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How much and how long? Paying alimony in Texas

When going through a divorce, the dreaded A-word often pops up somewhere along the way: alimony. Will you have to pay your ex-wife alimony? If so, how much will you have to give her every month? How long with the payments last? Will this be a lifelong thing or at some point will the court decide it is enough and let you stop making payments? These might be a few questions you have concerning alimony laws in Texas.

If you are considering divorce, an experienced attorney in the San Marcos area can help you through the process. From handling your questions about property division, custody and spousal support, a skilled attorney can make a difference.

Requirements for demands

If your future ex-wife is already making noises about alimony, there are requirements she must meet in order for the court to support her demand. First, she will have to prove her eligibility by demonstrating that she cannot support herself at a reasonable level. Also, one of two conditions must exist in order for her to qualify.

Condition one

If a court has convicted you for an act of family violence, or if you received deferred adjudication for such an act, then the divorce court may rule that you must pay alimony. However, you must have committed the act within two years of you or your wife filing for divorce or during the time the divorce was pending.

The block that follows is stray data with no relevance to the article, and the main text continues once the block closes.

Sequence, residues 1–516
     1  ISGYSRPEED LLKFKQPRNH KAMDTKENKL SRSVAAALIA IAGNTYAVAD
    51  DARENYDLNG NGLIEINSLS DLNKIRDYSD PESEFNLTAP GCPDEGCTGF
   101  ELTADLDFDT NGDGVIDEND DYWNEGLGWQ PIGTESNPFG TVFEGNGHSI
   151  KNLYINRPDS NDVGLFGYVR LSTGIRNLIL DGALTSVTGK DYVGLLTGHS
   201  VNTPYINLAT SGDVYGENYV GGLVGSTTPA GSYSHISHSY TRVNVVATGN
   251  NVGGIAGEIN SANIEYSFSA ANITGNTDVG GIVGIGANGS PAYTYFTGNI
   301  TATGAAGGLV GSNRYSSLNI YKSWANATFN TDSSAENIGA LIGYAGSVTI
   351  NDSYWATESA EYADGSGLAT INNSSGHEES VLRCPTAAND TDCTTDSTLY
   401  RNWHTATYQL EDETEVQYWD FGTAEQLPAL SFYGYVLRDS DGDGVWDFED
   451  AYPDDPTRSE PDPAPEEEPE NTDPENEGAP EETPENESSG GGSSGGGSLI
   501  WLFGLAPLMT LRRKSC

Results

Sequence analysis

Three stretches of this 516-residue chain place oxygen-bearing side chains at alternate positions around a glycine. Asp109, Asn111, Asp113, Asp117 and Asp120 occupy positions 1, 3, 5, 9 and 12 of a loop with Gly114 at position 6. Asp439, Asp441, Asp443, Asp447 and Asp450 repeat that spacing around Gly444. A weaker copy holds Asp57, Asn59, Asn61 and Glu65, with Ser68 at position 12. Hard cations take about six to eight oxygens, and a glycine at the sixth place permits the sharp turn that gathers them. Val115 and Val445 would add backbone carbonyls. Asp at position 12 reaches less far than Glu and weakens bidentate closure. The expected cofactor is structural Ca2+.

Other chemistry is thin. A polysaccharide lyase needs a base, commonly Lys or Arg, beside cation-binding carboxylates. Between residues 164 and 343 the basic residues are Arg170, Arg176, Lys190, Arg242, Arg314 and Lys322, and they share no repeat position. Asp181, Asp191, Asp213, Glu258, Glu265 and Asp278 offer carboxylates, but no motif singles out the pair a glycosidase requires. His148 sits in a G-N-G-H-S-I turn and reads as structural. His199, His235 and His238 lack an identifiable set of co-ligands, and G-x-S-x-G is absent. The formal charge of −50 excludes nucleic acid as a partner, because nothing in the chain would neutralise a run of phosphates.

Condition two

If your wife cannot earn enough income to support herself, then the court may order you to pay alimony. In addition, her lack of ability must be due to a mental or physical ailment, acting as the custodian of one or more of your children that is special needs, or the marriage must have lasted for at least 10 years.

One of the above conditions must be met in order for the court to approve the need for alimony. Depending on the exact circumstances of your spouse's situation, the court will then determine the amount you must pay and the length of time you make the payments.

Amount of alimony

In Texas, the court will usually award the lesser of $5,000 per month or 20 percent of your average monthly income. If you and your spouse are able to reach a divorce settlement outside of the court, you may include a different amount of alimony. The caveat here is that the court must consider the agreed upon amount fair to both spouses.

Duration of payments

The amount of time the court order for alimony will be active depends largely on the specific circumstances of your marriage and divorce. For example, if there was family violence, then the court may award alimony for a maximum of five years. Five years is also the typical duration if the marriage lasted between 10 and 20 years. For marriages that lasted between 20 and 30 years, the court usually requires seven years of alimony payments. If your wife is the custodian of your special needs child, then the award may be indefinite.

If you are considering divorce, it is important to have a skilled advocate working to protect your interests.

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